the wall of the false lumen may lead to subsequent
Unenhanced CT may demonstrate internal displacement of
excellent sensitivity and specificity that
In BBFSE sequences it appears linear inside the
black vessel lumen
The false lumen can be differentiated from the
true lumen by its higher signal intensity due to the
fast spin-echo sequence in the sagittal plane -to
define the extension of the dissection in the
thoracic and abdominal aorta, including the aortic
arch branches .Dr.M.A.Suthaharan.
accurate definition of the anatomical details of the
dissection (extension, site of entry and re-entry
tear, aortic branch relationships) relies on
gadolinium-enhanced 3D MRA and its reformatted
SSFP technique- high-contrast resolution between
the aortic lumen and the wall that may be used for
morphological (2D or 3D images) or functional
(cine sequences) analysis
Axial BBFSE image of chronic type B aortic dissection.
The intimal flap is well depicted as a straight hyperintense
line dividing the true and false lumen at the level of
unusual type of aortic dissection is the intimo-intimal
intussusception produced by,circumferential dissection of
the intimal layer, which subsequently invaginates like a
Dissection into abdominal
Impaired perfusion of end-organs can be due to 2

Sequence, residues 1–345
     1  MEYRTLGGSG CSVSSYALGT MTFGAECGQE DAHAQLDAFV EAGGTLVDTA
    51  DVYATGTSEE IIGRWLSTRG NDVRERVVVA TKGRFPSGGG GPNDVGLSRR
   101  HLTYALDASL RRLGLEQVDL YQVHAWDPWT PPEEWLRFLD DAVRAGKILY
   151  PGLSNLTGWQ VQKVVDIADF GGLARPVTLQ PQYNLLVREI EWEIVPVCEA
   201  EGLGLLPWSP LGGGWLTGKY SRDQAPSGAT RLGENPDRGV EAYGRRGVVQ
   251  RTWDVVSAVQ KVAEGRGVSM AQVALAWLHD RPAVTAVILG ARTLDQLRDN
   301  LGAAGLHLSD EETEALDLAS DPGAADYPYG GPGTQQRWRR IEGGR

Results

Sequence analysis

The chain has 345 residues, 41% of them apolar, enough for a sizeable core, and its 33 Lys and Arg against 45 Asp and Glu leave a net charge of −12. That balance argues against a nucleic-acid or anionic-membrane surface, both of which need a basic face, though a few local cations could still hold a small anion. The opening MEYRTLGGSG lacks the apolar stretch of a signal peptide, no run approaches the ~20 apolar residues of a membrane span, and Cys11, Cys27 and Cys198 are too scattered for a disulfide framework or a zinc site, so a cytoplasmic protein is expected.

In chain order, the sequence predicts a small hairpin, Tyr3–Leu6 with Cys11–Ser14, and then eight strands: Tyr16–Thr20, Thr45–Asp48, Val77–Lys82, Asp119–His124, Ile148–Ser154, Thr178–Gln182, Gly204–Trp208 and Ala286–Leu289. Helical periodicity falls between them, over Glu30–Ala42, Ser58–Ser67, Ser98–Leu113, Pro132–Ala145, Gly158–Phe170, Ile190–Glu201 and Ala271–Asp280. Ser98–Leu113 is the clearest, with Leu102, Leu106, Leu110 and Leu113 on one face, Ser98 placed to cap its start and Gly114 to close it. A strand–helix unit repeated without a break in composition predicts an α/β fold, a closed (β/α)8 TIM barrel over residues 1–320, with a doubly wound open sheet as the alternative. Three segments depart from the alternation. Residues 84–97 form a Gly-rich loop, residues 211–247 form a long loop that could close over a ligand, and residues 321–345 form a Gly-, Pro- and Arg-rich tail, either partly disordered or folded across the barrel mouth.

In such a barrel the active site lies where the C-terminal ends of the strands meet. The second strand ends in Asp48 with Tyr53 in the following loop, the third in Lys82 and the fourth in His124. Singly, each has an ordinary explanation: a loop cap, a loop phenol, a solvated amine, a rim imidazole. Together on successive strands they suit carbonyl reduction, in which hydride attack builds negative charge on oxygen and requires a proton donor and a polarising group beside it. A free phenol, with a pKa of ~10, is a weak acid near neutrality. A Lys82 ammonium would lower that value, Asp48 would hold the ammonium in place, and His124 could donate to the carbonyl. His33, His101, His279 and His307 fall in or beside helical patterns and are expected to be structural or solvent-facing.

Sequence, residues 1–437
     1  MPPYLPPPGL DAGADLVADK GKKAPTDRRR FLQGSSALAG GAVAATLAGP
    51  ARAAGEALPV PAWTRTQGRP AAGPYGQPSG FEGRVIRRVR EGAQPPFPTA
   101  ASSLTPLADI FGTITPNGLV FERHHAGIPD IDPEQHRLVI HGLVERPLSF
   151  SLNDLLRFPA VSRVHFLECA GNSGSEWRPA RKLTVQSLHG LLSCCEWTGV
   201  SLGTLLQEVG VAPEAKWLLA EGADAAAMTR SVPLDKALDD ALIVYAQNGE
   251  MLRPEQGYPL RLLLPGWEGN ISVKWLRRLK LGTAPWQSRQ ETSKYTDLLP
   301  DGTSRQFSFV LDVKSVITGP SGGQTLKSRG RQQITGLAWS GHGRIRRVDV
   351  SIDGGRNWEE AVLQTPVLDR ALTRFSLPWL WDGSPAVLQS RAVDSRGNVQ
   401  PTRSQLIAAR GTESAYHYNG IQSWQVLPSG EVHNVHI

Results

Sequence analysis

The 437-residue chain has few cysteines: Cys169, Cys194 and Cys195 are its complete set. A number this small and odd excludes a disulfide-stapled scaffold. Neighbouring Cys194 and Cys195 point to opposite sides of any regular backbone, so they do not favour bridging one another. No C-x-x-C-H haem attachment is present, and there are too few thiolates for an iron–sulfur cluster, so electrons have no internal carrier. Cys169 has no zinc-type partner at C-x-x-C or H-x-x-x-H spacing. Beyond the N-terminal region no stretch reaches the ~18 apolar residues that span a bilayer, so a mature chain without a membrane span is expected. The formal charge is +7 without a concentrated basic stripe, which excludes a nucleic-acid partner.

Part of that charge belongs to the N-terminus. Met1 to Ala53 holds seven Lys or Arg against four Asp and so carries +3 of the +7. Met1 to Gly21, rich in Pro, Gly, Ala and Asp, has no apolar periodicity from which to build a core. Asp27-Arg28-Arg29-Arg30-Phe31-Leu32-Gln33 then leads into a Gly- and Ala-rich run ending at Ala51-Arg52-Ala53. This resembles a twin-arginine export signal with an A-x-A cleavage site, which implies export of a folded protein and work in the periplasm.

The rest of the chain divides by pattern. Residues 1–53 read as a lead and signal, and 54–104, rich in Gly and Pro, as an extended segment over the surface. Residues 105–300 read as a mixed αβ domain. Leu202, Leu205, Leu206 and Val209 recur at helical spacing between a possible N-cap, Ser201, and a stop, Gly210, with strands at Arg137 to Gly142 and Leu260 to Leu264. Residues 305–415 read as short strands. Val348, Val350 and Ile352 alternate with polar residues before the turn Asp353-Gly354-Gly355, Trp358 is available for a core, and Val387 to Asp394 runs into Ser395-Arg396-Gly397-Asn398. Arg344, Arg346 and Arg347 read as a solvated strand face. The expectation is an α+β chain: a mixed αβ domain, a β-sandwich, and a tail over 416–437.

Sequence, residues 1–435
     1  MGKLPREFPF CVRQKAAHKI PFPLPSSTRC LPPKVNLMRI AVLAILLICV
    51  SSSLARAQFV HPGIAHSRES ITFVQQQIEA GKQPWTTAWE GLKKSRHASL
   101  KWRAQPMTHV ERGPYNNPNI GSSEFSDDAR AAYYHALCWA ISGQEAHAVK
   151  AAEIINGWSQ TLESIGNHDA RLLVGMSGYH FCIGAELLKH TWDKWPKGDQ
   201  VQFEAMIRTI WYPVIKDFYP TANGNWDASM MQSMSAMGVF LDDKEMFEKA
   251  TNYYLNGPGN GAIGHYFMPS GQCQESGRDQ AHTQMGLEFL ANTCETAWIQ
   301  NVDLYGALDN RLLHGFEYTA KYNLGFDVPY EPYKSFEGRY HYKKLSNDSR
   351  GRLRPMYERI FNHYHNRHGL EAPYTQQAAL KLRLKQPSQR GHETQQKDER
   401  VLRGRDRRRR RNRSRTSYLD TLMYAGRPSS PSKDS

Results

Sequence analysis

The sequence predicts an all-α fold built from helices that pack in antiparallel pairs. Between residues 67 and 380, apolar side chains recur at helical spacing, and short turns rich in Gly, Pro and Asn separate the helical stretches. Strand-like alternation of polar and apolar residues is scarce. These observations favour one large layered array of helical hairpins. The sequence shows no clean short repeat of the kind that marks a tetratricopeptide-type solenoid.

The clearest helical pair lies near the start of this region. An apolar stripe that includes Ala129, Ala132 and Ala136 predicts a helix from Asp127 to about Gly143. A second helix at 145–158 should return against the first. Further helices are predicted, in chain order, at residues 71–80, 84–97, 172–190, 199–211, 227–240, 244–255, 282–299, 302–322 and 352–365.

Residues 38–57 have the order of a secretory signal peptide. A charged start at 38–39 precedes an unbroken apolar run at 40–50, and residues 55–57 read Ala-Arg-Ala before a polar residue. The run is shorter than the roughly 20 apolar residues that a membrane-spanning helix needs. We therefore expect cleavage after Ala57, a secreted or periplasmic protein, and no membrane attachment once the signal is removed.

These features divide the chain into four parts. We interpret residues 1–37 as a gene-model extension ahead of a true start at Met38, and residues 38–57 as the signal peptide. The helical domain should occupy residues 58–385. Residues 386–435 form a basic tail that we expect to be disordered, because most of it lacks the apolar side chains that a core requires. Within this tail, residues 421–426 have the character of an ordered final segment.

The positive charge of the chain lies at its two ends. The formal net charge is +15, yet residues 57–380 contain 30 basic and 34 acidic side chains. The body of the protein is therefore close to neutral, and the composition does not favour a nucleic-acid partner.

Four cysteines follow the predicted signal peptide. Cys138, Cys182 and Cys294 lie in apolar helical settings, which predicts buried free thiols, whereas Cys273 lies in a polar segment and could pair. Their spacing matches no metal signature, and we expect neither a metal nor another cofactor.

1) static = continuing dissection in the feeding artery
(usually treated by stenting)
2) dynamic = dissection flap hanging in front of
ostium like a curtain (usually treated with
This may be hard to discern, MPR's can be helpfull.
Look for the re-entry point, usually to be found in
the iliac tract.
Provide information about tortuisity and
calcifications of the iliac tract if endovascular
procedures are being considered.
The following anatomical details need to be
considered for planning of endovascular treatment
of aortic dissection.
• The distance between the proximal neck, the
tear and the origin of the epiaortic vessels.
• The origin of the visceral vessels in regard to
the true or false lumen must be defined.
If one or more vessels arise from the false lumen, a
re-entry tear ensuring vessel perfusion after stent-
graft deployment has to be identified.
Careful evaluation of ascending aorta and aortic arch
dimensions and degree of atheromatous wall changes
Ascending aorta and archaneurysms may favour a
retrograde extension of the dissection if the proximal
end of the stent graft (free flow extremity) is
positioned in the distal arch.
Intramural hematoma is thought to begin with the
rupture of the vasa vasorum, within the medial